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    first soft hackle

    i think its soft hackle... tyed this to night probably not on the right hook but what do you think i used pheasant tail for the tail and body peacock herl for the thorax and soft grizzly hackle heres a couple pictures of the same fly let me know what you think




    john

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    TF

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    Re: first soft hackle

    Looks good for a first attempt. Soft hackles are traditionally tied with partridge instead of the rooster hackle. Partridge is much softer and therefore you will get more action out the fly as it swings through the current.

    Forum member Soft-Hackle has a website devoted to soft hackles or flymphs as they are sometimes called. Here's the link. Flymphs,Soft-Hackles and Spiders.

    "The great charm of fly fishing is that we are always learning." Theodore Gordon



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    Re: first soft hackle

    looks awesome


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    Re: first soft hackle

    what type of Partridge hackle ? hungarian partridge hackle?

    TF

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    Re: first soft hackle

    Quote Originally Posted by troutfever View Post
    what type of Partridge hackle ? hungarian partridge hackle?
    Yes Hungarian Partridge. Hareline Dubbing is a good brand. They package feathers or complete skins. I prefer the complete skin because you get a better range of sizes and color patterns.

    "The great charm of fly fishing is that we are always learning." Theodore Gordon



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    Re: first soft hackle

    That's a well dressed fly, and it's basically one of the english "classic" phesant treatments. The others are 100% right about the Partridge, but I'm sure with your hackle dressing it would still catch fish. I don't see a rib, but you probably want to add some kind of rib (like ultra wire) for durability. Have you ever played around with Turkey biots? It's a great way to add sementation and save the phesant for other apps...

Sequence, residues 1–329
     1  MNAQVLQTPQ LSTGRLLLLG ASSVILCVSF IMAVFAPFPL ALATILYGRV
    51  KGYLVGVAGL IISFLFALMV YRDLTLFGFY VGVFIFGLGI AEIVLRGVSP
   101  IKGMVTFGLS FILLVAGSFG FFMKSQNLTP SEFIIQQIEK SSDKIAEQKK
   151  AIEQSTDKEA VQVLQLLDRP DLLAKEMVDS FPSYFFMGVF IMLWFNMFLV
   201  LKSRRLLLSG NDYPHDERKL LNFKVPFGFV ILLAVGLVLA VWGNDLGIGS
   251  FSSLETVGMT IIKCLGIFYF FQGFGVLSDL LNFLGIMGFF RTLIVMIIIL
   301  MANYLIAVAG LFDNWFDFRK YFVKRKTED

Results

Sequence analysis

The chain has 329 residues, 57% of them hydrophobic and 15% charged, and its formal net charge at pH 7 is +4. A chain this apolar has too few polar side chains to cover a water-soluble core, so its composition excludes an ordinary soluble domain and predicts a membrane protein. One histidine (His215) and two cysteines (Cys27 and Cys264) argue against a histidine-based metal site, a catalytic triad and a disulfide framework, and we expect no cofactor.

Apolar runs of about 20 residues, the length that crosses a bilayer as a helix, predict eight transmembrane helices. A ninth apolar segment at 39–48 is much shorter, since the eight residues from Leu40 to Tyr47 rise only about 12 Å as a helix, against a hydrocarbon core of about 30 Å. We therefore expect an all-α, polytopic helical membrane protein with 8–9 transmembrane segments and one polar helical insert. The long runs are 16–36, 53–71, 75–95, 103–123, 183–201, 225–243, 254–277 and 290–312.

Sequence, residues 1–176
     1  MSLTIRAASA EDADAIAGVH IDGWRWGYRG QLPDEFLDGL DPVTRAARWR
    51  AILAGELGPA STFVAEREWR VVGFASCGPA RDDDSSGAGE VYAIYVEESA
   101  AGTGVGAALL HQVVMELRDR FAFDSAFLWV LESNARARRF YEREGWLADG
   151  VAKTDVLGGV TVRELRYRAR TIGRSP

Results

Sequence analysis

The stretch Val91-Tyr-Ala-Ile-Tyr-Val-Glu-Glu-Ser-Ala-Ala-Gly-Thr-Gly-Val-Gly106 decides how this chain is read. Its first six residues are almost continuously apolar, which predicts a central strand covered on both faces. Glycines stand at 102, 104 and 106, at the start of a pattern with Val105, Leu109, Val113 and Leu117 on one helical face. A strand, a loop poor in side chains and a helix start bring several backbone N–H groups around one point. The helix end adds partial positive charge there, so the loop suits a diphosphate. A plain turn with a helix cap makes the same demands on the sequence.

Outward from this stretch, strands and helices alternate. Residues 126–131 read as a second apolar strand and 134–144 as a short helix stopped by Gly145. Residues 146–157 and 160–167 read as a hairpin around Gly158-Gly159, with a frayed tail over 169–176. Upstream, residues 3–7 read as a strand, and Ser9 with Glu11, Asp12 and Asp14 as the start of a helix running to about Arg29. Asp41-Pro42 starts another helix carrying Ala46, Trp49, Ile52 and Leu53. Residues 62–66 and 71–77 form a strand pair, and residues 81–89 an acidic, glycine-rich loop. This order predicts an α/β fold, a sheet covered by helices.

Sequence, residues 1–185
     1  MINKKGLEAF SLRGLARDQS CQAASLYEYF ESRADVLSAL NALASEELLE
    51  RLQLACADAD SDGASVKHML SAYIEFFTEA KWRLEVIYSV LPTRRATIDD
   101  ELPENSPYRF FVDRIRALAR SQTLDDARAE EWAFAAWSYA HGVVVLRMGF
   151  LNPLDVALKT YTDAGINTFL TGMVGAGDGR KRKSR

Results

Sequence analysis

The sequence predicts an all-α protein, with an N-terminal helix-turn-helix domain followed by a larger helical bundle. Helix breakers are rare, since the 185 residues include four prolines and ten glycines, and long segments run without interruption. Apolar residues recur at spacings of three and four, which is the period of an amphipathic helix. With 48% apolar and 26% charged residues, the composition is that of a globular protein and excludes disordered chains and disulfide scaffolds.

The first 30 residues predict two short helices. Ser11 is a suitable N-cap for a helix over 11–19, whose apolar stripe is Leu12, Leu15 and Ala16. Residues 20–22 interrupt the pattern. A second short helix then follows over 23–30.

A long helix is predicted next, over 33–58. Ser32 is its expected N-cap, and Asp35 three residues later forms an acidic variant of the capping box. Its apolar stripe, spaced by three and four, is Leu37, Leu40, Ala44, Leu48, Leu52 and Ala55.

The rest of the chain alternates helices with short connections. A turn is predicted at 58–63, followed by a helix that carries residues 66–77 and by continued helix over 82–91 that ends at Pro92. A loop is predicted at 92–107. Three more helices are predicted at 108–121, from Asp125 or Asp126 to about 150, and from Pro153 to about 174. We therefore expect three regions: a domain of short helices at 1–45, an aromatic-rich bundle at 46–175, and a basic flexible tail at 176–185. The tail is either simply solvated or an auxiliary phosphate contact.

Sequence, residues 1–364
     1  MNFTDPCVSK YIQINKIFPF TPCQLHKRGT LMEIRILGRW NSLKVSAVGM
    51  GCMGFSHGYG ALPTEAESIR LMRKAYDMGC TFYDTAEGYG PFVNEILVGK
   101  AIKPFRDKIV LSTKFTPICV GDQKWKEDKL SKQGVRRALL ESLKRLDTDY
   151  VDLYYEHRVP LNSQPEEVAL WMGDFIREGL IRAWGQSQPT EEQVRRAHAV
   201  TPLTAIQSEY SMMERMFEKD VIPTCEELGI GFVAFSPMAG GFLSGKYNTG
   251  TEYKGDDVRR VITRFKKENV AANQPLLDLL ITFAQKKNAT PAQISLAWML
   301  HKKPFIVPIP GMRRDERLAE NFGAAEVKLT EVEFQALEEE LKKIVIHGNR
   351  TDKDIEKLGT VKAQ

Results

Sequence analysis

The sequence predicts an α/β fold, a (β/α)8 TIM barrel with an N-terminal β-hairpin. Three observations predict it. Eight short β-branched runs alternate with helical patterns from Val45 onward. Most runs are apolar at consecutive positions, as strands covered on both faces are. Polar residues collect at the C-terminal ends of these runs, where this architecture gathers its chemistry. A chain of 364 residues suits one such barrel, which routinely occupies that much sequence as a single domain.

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    Re: first soft hackle

    partridge is probably the most used soft hackle. I find hen is cheaper and easy to use. I would stay away from packets, they are cheap for a reason(few feather's of usable size). Starling is probably one of the more common skins that are not that expensive and have lots of small feathers. There so many types of hackles you can use. I am still a novice fly tier

    tying flies,thinking of lies to tell the wife about where I'll be, when I'm out fishing with a buddy

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    Re: first soft hackle

    Your fly looks good - but I will offer a few more comments.

    A lot of gamebirds have nice soft hackles as do many hens - partridge is a good one, but not the only one. If you get a hen neck or saddle get a natural one, not a dyed one. Collins Hackle has some very nice hen necks and saddles. An old favorite soft hackle is the Gray Hackle Peacock which uses grizzly hen, or other light mottled feathers. Starling is a great feather for smaller wets. It is better to get a whole skin so you can pick just the feather you need.

    A lot of old timers used stiffer hackles in the riffles and softer hackles in slow water. The traditional Spanish wet flies which have been used for at least 400 years (any pattern used for four centuries has to be OK) use stiff Coq de Leon feathers. Stiff hackles do have a place with wet flies.

    Finally, your proportions are fine - but there are different schools of thought. Your tie has proportions close to that of a modern nymph - which is fine for emerging nymphs and works well. Other schools of thought emphasize the hackle by reducing or eliminating the tail and extending the body to the barb or even the point of the hook.

    More than one way to tie any pattern.


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    Re: first soft hackle

    If you do start tying the soft-hackles on a regular basis buying (or shooting) the whole skin is the way to go. In addition to the partridge and starling, the ruffed grouse and American woodcock have some great soft-hackle. I also have an English snipe for a couple of patterns, but stick with the starling to start.

    NJPB

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